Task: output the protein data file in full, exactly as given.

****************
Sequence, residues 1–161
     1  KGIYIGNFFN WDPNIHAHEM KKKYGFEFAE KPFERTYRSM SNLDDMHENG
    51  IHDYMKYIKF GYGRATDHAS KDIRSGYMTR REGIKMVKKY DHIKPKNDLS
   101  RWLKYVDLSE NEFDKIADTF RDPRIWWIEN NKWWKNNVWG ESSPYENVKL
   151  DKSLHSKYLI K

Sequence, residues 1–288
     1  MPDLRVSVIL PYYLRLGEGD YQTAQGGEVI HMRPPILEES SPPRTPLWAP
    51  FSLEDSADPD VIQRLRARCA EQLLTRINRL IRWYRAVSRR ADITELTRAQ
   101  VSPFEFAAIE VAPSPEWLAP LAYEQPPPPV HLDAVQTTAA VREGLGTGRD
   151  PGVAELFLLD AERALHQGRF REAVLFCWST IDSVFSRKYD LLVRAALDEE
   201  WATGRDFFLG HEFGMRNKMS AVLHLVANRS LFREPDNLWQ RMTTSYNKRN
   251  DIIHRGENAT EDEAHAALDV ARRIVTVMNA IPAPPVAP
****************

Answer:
Sequence, residues 1–161
     1  KGIYIGNFFN WDPNIHAHEM KKKYGFEFAE KPFERTYRSM SNLDDMHENG
    51  IHDYMKYIKF GYGRATDHAS KDIRSGYMTR REGIKMVKKY DHIKPKNDLS
   101  RWLKYVDLSE NEFDKIADTF RDPRIWWIEN NKWWKNNVWG ESSPYENVKL
   151  DKSLHSKYLI K

Sequence, residues 1–288
     1  MPDLRVSVIL PYYLRLGEGD YQTAQGGEVI HMRPPILEES SPPRTPLWAP
    51  FSLEDSADPD VIQRLRARCA EQLLTRINRL IRWYRAVSRR ADITELTRAQ
   101  VSPFEFAAIE VAPSPEWLAP LAYEQPPPPV HLDAVQTTAA VREGLGTGRD
   151  PGVAELFLLD AERALHQGRF REAVLFCWST IDSVFSRKYD LLVRAALDEE
   201  WATGRDFFLG HEFGMRNKMS AVLHLVANRS LFREPDNLWQ RMTTSYNKRN
   251  DIIHRGENAT EDEAHAALDV ARRIVTVMNA IPAPPVAP